The modern, fast-paced world will tempt you to rush and skim. This kind of life will make you shallow. The world does not need more widely read, shallow people. It needs deep people.
I don’t mean complex. I don’t mean highly educated. I don’t mean you know big words. I don’t mean you know historical background.
I mean you have seen glory— the glory of God in his Word. You have pondered it and felt its relation to all the parts of your life. You have been steadied and satisfied by it.
You have come home. You are not frantic anymore. You are at peace in the presence of God. This is what I mean by deep. This is what the world needs.”
–John Piper, The Pleasures of God: Meditations on God’s Delight in Being God (Colorado Springs: Multnomah, 1991/2012), xviii.
In order that we may become stronger in faith and not doubt that God can easily and with one word create and do all things, David asks us to consider winter as compared with summer.
For in this contrast God portrays what He can do and how He always works. In winter He sends snow, rime, and frost, so that no man can bear it.
Surely nobody could survive a real winter if he had to do without fire and warmth and depend only on the sun, as he does in summer. The whole creation is powerless to make even a grain of wheat grow or any fruit ripen in winter, but God can change the winter, banish it, and bring the summer again, so that one forgets the winter.
And He does this so easily that it costs Him only one word. Shouldn’t you, then, the more easily believe that He can help you out of your winter and all distress, easily and with a single word?…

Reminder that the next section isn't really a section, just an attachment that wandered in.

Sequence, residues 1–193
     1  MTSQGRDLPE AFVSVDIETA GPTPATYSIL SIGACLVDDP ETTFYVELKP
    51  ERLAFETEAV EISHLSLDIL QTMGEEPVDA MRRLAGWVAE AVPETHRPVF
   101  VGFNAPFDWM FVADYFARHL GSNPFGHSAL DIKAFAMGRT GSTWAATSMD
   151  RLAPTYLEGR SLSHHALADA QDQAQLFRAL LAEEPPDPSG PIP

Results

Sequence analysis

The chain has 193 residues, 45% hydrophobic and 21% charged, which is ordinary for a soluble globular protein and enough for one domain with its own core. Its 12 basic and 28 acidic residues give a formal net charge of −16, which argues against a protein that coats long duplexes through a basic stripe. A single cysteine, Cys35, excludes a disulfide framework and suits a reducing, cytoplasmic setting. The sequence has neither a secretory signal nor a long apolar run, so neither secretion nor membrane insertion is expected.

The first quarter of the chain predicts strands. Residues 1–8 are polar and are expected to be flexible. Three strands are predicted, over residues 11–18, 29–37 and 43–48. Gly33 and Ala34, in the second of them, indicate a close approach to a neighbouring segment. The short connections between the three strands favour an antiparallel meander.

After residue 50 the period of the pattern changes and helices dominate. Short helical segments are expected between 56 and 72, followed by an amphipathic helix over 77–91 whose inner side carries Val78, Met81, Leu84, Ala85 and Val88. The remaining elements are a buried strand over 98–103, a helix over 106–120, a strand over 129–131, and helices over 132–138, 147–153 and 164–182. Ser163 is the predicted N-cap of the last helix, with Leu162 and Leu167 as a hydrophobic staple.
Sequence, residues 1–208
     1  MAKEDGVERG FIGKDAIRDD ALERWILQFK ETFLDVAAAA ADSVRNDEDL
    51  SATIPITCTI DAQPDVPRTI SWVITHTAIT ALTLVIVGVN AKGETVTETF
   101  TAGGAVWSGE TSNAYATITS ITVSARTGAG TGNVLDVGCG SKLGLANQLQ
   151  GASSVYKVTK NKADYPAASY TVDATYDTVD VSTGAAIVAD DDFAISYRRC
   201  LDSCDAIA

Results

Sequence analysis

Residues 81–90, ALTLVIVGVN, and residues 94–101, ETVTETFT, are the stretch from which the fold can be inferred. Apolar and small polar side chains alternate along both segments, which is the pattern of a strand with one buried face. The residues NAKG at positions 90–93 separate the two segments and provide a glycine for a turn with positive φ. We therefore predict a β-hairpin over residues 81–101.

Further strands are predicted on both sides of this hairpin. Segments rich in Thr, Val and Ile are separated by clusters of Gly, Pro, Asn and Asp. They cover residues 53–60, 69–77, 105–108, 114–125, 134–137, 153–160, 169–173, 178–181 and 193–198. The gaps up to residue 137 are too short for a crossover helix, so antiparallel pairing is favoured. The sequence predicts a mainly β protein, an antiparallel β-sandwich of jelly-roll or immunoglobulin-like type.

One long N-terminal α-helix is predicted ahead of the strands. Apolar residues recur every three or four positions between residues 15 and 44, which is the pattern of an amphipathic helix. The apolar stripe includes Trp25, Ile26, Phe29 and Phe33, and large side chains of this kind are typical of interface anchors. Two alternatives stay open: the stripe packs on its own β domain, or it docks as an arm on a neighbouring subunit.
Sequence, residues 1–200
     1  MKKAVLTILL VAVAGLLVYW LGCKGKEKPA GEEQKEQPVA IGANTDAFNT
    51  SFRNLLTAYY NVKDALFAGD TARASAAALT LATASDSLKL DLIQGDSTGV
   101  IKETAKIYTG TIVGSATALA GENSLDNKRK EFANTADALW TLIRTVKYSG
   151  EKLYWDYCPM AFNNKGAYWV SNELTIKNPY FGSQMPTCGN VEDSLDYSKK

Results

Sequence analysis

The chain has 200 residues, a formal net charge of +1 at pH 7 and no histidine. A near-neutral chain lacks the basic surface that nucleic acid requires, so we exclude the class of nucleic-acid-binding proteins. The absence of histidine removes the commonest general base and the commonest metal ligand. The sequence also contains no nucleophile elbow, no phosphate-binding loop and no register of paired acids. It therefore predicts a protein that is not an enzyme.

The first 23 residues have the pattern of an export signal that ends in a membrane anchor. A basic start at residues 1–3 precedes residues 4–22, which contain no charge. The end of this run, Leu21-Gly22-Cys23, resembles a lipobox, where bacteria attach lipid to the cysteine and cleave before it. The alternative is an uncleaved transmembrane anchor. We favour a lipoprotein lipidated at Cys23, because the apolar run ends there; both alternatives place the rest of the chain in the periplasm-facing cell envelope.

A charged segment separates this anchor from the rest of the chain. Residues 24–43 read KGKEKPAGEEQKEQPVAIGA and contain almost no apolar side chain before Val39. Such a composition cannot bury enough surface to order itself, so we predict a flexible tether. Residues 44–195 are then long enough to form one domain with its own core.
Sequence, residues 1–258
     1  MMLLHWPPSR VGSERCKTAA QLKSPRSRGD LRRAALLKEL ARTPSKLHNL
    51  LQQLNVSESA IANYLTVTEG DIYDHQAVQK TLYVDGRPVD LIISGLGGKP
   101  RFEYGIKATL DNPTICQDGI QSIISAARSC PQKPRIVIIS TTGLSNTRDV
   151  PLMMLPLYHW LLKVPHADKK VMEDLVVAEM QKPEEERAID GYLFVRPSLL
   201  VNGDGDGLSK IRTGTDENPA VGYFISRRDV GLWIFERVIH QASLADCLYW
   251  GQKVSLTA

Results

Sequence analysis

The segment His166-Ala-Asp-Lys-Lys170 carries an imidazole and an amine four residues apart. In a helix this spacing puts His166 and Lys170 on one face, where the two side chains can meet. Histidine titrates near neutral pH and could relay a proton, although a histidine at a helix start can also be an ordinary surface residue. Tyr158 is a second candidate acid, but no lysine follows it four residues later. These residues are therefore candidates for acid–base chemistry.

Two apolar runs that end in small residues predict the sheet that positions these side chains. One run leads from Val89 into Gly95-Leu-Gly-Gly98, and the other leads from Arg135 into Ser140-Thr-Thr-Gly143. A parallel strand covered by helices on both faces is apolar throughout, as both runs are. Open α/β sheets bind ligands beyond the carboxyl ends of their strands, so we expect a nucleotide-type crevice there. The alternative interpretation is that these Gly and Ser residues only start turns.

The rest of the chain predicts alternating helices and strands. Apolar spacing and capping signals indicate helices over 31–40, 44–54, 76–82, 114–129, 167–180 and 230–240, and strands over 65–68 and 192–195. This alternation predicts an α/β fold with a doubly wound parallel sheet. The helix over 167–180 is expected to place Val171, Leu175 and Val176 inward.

If God every year helps the entire world out of winter, its annual flood and death, should you not learn from this mighty example of God’s power, performed annually before your very eyes, to trust and believe in Him in every need?
Look how even the godless, who believe in nothing, are able to say in winter: ‘O yes, summer will come again,’ and are convinced that it will not be winter forever.
Therefore you and everyone should learn to say in the midst of his winter: ‘Very well, let there be snow, frost, and freezing. No matter how bad things get, summer will come again. God will not let it snow and freeze forever,’ as we are told in Ps. 55:22: ‘He shall never suffer the righteous to be moved.’
And then the psalmist tells us something even more comforting. Snow, rime, and frost, he says, are the Lord’s. He Himself causes them, and they are not controlled by the devil or any hostile force.
He commands them. Therefore they cannot be colder or freeze us more than He wishes or than we can bear, just as St. Paul taught the Corinthians that God does not let us be tempted beyond our endurance but directs the temptation so that we may be able to endure it (1 Cor. 10:13).
If the devil controlled the frost, there would not only be incessant winter and eternal frost with never again a summer; it would freeze so hard that we would all freeze to death in a single day and become nothing but chunks of ice.
But God’s winter and frost are not everlasting. And though the winter is hard and in itself hardly to be borne, still He gives us so much fire, warmth, straw, etc., that we can bear it until the summer puts an end to it…
He uses the winter for His own glorification, so that He can demonstrate His power by so easily transforming such a cold, hard, unfruitful time into a luxuriant, pleasant, and joyous summer.”
–Martin Luther, Luther’s Works, Vol. 14: Selected Psalms III (ed. Jaroslav Jan Pelikan, Hilton C. Oswald, and Helmut T. Lehmann; vol. 14; Saint Louis: Concordia Publishing House, 1999), 125-126, 126-127, 128. Luther is commenting on Psalm 147:16-17.